An analysis of Medicare fee for service (FFS) data for 2016 found that almost 90,000 Medicare FFS beneficiaries utilized just over 275,000 telehealth services. This represents a small fraction of the total Medicare FFS population—only one-quarter of a percent (0.25%) of the more than 35 million FFS Medicare beneficiaries included in the analysis. It is important to note, however, that Medicare claims used as the basis for this analysis only capture services reported and paid as telehealth services. For example, Medicare claims data for telehealth services does not capture certain other technology-based services that are not considered telehealth services under the law (e.g., remote cardiac monitoring), and services that are not separately billable (e.g., provider-to-provider consults).

The data analysis found that if only one percent of Medicare’s face-to-face encounters were instead provided by telehealth, it would result in a thirteen-fold increase in telehealth delivery of health care within the program. The claims analysis identified just over 243 million in-person office or outpatient visits and almost 100 million in-person hospital and nursing facility consultations. Additionally, almost 15 million in-person mental health evaluations and therapy sessions were received by Medicare FFS beneficiaries. The analysis also found that Medicare FFS beneficiaries received approximately one million face-to-face encounters for services that target chronic disease and behavior modification, such as smoking cessation, intensive behavioral therapy for cardiovascular disease or diabetes self-management. Such services are already on the Medicare telehealth list.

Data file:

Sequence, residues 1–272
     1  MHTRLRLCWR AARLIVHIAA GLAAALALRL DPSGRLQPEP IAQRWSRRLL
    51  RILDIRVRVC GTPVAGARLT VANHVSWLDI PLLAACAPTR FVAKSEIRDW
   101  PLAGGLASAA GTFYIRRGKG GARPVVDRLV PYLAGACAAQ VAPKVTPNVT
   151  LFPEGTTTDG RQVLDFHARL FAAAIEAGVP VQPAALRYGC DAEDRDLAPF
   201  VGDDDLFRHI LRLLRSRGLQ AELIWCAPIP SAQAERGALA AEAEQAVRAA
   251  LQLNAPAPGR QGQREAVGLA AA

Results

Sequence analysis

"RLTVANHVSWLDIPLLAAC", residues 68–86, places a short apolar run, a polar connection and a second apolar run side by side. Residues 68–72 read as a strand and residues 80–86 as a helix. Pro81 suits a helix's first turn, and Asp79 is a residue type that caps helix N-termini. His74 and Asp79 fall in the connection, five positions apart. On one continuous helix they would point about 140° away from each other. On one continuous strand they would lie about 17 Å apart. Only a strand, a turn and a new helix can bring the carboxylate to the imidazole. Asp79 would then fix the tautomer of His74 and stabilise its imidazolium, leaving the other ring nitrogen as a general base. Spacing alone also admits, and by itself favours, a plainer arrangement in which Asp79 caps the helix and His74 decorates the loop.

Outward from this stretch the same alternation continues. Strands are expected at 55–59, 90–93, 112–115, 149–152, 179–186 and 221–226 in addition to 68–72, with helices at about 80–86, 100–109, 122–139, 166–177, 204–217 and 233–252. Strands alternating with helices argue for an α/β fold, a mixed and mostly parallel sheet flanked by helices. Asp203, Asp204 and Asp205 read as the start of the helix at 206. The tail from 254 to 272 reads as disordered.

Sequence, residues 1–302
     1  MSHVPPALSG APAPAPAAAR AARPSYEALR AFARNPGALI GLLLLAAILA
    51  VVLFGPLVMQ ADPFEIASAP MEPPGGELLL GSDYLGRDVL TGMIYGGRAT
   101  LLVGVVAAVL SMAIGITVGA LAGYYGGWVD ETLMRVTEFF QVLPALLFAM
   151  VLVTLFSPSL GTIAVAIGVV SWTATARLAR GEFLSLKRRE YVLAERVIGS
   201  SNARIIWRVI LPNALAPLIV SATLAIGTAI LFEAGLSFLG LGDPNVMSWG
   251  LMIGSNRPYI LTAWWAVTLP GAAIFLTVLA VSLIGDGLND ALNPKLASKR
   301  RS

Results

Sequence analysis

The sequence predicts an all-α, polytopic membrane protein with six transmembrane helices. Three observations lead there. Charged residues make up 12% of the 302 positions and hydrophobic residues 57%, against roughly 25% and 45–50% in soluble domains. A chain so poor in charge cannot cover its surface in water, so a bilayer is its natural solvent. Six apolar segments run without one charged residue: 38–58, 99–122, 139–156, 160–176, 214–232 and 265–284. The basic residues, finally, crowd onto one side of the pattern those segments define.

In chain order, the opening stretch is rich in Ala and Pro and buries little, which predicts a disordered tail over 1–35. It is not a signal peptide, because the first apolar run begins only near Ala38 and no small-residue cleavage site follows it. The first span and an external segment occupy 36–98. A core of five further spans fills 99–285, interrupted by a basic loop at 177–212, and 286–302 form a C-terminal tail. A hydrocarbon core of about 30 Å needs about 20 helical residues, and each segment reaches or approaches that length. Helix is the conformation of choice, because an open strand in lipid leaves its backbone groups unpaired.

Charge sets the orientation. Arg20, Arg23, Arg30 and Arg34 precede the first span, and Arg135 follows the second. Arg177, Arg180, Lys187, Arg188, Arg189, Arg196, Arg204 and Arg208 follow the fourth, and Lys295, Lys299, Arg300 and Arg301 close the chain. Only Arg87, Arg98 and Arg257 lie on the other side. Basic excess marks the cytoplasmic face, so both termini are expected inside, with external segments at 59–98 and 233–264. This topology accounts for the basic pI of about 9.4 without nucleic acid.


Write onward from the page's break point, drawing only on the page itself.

An analysis of the CY2015 Medicare Part A & B Public Use Files identified 19 additional high volume services that may be suitable for telehealth delivery. The 19 additional services included other outpatient and inpatient visits and therapies that are similar to those that are currently on the Medicare telehealth list of services or that are inherently provided in settings that are not currently statutorily authorized originating sites, such as assisted living facilities or the home.